I thought your reply to my post was pretty accurate; however since you
took the time to write your thoughtful reply, I figured I would go
ahead and address some areas where there appears to be minor differences
in our ideas about utopia/dystopia and film. I hope this clarifies
my point of view for you.
In my effort to get at some subtle points this got sort of long. Sorry.
Conversation is much better than e-mail for clarifying subtleties.
>1. Who said anything about a happy ending?
In fact, the ending was tacked on by the producers who insisted on
an upbeat ending; which does seem to me to be its main function.
I address this again, later.
>2. Utopia, as defined by Merriam-Webster in the first definition, is "an
>imaginary and indefinitely remote place. Certainly where Dekard flys off
>to is a remote place and, for the viewer, an imaginary place since we are
>left with an opening-ending that allows us the opportunity to imagine
>potentially ideal possibilities. Further, if you compare this ideal place
>with the society that Deckard has just left, then surely it appears utopian.
What you say is true, yet a Utopian society requires some kind of society.
What we get are a few glimpses of trees and mountains in a wilderness.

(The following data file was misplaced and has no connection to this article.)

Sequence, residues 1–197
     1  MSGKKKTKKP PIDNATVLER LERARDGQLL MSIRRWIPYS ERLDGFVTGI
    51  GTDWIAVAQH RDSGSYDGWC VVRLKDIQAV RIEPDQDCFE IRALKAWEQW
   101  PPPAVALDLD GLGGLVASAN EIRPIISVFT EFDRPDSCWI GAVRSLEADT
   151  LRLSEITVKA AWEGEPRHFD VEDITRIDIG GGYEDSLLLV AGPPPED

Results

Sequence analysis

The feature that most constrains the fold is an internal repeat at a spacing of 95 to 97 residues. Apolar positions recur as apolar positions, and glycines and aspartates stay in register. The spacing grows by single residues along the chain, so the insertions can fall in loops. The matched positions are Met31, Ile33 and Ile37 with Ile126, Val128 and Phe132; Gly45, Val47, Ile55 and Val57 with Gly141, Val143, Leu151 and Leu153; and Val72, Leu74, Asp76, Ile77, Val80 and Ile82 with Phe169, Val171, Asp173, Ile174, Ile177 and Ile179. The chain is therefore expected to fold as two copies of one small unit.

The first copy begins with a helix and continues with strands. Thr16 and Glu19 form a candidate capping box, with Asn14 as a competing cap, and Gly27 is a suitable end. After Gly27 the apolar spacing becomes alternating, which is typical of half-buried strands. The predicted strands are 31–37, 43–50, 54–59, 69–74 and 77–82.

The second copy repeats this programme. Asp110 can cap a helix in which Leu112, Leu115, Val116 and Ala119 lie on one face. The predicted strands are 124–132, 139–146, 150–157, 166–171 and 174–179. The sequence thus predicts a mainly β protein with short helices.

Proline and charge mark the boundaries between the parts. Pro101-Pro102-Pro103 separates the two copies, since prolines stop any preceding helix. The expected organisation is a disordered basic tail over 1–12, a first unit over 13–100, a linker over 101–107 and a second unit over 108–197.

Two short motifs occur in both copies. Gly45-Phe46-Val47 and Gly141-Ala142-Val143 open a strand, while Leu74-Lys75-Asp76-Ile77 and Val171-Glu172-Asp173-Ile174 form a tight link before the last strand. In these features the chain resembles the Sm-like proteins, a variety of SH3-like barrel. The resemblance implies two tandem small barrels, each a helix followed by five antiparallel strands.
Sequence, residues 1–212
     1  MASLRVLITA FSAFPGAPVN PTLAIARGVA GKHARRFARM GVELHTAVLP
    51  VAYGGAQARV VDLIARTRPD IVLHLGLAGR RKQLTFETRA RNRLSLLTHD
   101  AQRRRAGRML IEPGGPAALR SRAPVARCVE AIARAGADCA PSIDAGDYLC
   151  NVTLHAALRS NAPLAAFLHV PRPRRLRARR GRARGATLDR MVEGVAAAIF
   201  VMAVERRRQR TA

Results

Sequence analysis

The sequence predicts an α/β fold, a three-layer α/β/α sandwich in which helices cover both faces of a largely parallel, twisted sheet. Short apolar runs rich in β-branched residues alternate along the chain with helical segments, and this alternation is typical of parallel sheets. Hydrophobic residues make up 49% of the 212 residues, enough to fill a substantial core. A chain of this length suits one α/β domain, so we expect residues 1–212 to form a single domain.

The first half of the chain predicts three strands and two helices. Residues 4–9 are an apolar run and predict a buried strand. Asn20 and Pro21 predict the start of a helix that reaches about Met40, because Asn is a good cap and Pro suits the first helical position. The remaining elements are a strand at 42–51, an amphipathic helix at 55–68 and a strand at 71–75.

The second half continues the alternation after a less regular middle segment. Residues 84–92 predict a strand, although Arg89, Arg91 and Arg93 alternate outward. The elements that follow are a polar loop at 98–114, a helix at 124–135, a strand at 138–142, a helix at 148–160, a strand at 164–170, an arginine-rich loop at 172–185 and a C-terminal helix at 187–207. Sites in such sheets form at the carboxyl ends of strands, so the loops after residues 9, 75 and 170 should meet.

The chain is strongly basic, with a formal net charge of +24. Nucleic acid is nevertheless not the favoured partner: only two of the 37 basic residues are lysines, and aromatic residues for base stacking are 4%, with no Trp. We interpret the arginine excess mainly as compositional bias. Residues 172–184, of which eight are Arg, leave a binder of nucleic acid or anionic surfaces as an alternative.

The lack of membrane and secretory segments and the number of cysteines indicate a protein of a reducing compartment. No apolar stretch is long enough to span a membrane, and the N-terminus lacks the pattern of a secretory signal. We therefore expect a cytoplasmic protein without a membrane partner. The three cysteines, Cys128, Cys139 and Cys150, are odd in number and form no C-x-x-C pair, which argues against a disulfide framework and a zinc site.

(Actually outtakes from The Shining). One interesting thing is that
you can see shadows of trees flitting across Ford's and Young's faces
even though they are supposed to be flying high above the landscape.
I address this ending yet again, later.
>3. Dystopia, as defined by the 2nd ed. Random House, is "a society
>characterized by human misery, as squalor, oppression, disease, and
>overcrowding." This seems to fit Deckard's society quite well. You may
>also recall that thoughout the film, there are constant reminders of an
>utopian world in the Off-World ad machine that circles about the dystopic
Well, you certainly are very convincing here; but only for the poor.
There is a wealthy class that has plenty of money, goods, and more
than enough room (whole abandoned apartment buildings to themselves).
We see some people living in great luxury; Deckard himself has a sort
of typical middle class batchelor's pad.
It's true this is a society where the best fit have left for the outworlds,
yet there is still vital big business located on Earth. The gloom of
of the city, the darkness, has a mysterious, romantic and beautiful
quality, too. It holds promise of adventure. The suffering of the poor
is never really pushed in our face, as it is in _Metropolis_; we are
focused more on the suffering of the affluent but loveless.
>4. I wasn't comparing _Blade Runner_ with _Metropolis_ but since you
>bring it up I'm curious to know how your interpretation varies from
>_Blade Runner_ in terms of character resolutions. In both stories the
>resolution seems to take place in the characters--are you suggesting that
>in order for a utopian move to be valid the "dark world" must see the light?
>You'll need to clarify that for me.
In _Metropolis_, the oppressive social structure is one of the villains.
Mechanization of society, the abuse of technology, is another, both
in terms of the onerous labor of the workers, and the symbol of the robot.
In _Blade Runner_, we do have an oppressed class, the androids, some of
whom are rebelling... but they have no intention of changing the society.